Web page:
A Road Trip Through Slovenia
After spending a few days in Ljubljana for the fantastic Ana Desetnica festival, it was time to hit the road! I knew I wanted to see more of the country, so I planned to spend four days road-tripping through Slovenia with my friend Peter, the blogger behind Travel Unmasked.
Now, if you’ve been on a road trip before, you know they can can test friendships. Peter and I had never traveled together beyond a few days in Scotland a year and a half ago, but traveling as two people has a different dynamic than a large group.
Thankfully, we got along fabulously! We turned up the Kanye West and rapped “Through the Wire” together as we drove down the Slovenian highways.
Slovenia for a Road Trip
Slovenia is a fantastic country for a road trip. The country is tiny, the roads are good, and most of the popular attractions are clustered in the western half of the country, making many destinations within a 90-minute drive.
Aside from the intense tailgating, which I found to be some of the worst I have ever seen (I even got tailgated while driving 90 mph!), I’m a huge fan of exploring Slovenia by car.
I did this road trip for four days, but it wasn’t nearly enough. To get the most out of your trip, I recommend doing this itinerary in addition to a few days in Ljubljana and a day or two visiting the coast or other destinations.
Day One: Idrija
After picking up our rental car at Ljubljana’s central bus station, we took a winding road through the mountains to the tiny city of Idrija.
Idrija isn’t a one of the more popular spots in Slovenia, but I wanted to visit the mercury mine, which was given World Heritage designation in 2012. Interestingly, this World Heritage Site is shared with Spain! The other half of the site is a mercury mine in the city of Almadén.
The mine, which was built in the 15th century, was fully functional as late as 1986.
You can still see oxidized mercury in the walls.
The miners had their own underground chapel.
The cool thing about mercury is that it’s heavier than lead! It’s cool watching a lead ball bounce around in a jar of liquid mercury like it’s a ping pong ball in a beer-filled solo cup.
After the dark and cold mine, it was time for lunch in the sun.
“What’s your local specialty?” I asked the waiter.
“Žlikrofi,” he replied instantly. That was settled — I had to try it. I was given a plate of tortellini-like pasta stuffed with mashed potatoes and “animal fat” (pork in this case) and topped with a truffle and cream sauce. SO good, but definitely not the healthiest thing!
While having an after-lunch coffee, Peter and I ran into Urban, the curator of the nearby Mestni Museum. He kindly offered to cart us around to every attraction in town; I asked him if instead he could take us to the highest point in town so we could take pictures. He obliged and took us to a church on top of a mountain.
On the quirky end, Idrija also happens to be home to the largest wooden wheel in Europe. It used to power the whole town.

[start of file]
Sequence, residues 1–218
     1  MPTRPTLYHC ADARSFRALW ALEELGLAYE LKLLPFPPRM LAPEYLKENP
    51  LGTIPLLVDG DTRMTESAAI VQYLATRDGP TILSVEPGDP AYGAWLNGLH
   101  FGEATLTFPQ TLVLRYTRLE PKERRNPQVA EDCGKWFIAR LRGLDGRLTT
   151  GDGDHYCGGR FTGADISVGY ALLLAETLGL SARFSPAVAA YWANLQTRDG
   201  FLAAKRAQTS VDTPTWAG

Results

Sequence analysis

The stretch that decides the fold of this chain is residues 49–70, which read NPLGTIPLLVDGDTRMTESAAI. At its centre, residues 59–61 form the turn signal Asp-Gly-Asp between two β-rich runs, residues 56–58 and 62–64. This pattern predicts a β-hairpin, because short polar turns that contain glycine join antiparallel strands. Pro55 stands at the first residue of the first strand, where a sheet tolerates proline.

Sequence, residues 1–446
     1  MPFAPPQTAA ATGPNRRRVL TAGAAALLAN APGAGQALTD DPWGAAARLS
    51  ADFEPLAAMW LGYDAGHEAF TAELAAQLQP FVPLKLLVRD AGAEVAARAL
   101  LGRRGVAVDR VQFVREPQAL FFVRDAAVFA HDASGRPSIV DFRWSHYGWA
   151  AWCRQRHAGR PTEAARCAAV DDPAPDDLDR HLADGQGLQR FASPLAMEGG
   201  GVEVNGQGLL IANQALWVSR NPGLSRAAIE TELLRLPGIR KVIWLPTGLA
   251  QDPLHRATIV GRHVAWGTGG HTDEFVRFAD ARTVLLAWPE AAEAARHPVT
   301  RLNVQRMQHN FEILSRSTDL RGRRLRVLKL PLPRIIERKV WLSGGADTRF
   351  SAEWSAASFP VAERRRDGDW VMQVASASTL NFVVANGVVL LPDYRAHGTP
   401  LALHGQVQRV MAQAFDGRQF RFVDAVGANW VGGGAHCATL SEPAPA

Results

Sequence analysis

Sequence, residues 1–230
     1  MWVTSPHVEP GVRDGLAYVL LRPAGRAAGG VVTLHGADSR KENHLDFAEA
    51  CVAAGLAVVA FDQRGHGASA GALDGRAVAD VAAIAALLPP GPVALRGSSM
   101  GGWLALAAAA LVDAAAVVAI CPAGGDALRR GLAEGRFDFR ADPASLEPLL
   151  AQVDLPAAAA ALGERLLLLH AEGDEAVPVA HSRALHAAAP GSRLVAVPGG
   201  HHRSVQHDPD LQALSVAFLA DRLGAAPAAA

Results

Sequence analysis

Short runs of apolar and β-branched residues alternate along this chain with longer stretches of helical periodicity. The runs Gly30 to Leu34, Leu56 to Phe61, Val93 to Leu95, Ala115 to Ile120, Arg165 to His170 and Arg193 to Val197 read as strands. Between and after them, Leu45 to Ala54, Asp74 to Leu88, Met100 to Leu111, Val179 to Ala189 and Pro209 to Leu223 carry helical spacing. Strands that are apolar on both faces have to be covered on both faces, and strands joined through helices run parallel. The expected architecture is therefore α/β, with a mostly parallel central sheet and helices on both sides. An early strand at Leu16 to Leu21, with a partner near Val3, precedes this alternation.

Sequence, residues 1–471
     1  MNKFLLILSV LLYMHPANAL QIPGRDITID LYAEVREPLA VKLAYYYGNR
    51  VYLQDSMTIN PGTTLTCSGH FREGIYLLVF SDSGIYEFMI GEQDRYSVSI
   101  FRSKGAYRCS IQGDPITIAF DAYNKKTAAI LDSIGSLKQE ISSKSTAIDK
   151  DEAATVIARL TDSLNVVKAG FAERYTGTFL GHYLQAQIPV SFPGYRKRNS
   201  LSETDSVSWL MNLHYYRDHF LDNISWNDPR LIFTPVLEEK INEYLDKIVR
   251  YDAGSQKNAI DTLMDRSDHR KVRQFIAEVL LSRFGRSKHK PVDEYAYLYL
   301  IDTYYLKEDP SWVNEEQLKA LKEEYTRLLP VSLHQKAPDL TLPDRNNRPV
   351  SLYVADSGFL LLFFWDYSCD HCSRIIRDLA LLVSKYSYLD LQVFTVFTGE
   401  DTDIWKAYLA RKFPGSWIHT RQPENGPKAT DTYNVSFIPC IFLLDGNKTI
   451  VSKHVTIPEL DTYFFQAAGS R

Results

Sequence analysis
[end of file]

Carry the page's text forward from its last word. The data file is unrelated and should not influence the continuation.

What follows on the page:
There’s Peter for scale!
Idrija is also famous throughout the world for its lace, which is on display throughout the town.
It’s interesting seeing how Idrija’s lacemaking style evolved over time with political and geographical changes. Pre-World War I, Idrija’s lace clients were mostly Austrians, who preferred large, country-style lacework.
Post-World War I, their primary clients became Italians, who demanded fine, intricate, detailed lacework.
Urban took us back to the Mestni Museum, which has some fantastic lace displays, lots of mercury and minerals, and a moving memorial to those who lost their lives in the Idrija mercury mines.
Next up was dinner at the Hotel Kendov Dvorec, a pretty oasis up in the mountains just outside Idrija.
I loved this place. It was fancy enough to host a small wedding, yet small and friendly with a wonderful staff. And the food? Superb. The best food that I had in all of Slovenia.
Best of all: a main dish of venison and chanterelles that absolutely rocked my world. And yep, those are more žlikrofi underneath!
What I don’t have pictures of is us nearly having to break into our hotel at midnight. Turns out they shut down at 11:00 PM and forgot to tell us. After trying to get in and realizing that the only way to contact them was to call (we had no SIM cards and the wifi didn’t work outside), we probably would have had to go to a gas station and beg them to use their phone if we hadn’t discovered a back door.
It’s too bad, because the hotel was nice otherwise. Just know that they close early.
Day One Essential Info: Visiting the mercury mine (Anthony’s Shaft) costs 9 EUR ($12 USD) for adults. It includes a tour of the mine and a short movie.
Admission to the Mestni Museum is 3.50 EUR ($5 USD) for adults.
The tasting menu at Hotel Kendov Dvorec costs 70 EUR ($94 USD) for six courses with wine pairings.
Day Two: Skocjan Caves and Bled
A second shimmy through the mountains brought us to the Skocjan Caves, Slovenia’s second World Heritage Site. These caves are gargantuan, spooky, and an absolute must-visit if you’re traveling through Slovenia. I’ve never seen a few caves before (and even swam through one in the dark), but none of them have been as impressive as the Skocjan Caves.
There’s also an excellent viewpoint on a trail behind the caves’ visitor center. Don’t miss it.
From the Skocjan Caves, the two of us drove up to Bled, home to Lake Bled, one of the most famous sights in all of Slovenia.
The accommodation for the night was at Garden Village, a green resort just a short walk from Lake Bled. I was absolutely blown away by this resort.